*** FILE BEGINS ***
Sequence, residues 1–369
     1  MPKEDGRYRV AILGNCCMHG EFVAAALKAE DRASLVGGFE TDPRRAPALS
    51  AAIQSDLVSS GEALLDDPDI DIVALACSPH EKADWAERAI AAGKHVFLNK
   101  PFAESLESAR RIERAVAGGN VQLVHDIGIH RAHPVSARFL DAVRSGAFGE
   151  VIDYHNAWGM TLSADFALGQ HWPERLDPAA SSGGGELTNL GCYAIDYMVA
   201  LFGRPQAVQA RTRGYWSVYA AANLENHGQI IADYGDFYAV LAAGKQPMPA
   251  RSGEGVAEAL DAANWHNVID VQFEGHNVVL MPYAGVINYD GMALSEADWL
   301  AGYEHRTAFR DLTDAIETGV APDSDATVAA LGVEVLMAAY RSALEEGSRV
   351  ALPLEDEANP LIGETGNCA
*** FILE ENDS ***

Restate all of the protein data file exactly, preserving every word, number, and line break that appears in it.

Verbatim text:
Sequence, residues 1–369
     1  MPKEDGRYRV AILGNCCMHG EFVAAALKAE DRASLVGGFE TDPRRAPALS
    51  AAIQSDLVSS GEALLDDPDI DIVALACSPH EKADWAERAI AAGKHVFLNK
   101  PFAESLESAR RIERAVAGGN VQLVHDIGIH RAHPVSARFL DAVRSGAFGE
   151  VIDYHNAWGM TLSADFALGQ HWPERLDPAA SSGGGELTNL GCYAIDYMVA
   201  LFGRPQAVQA RTRGYWSVYA AANLENHGQI IADYGDFYAV LAAGKQPMPA
   251  RSGEGVAEAL DAANWHNVID VQFEGHNVVL MPYAGVINYD GMALSEADWL
   301  AGYEHRTAFR DLTDAIETGV APDSDATVAA LGVEVLMAAY RSALEEGSRV
   351  ALPLEDEANP LIGETGNCA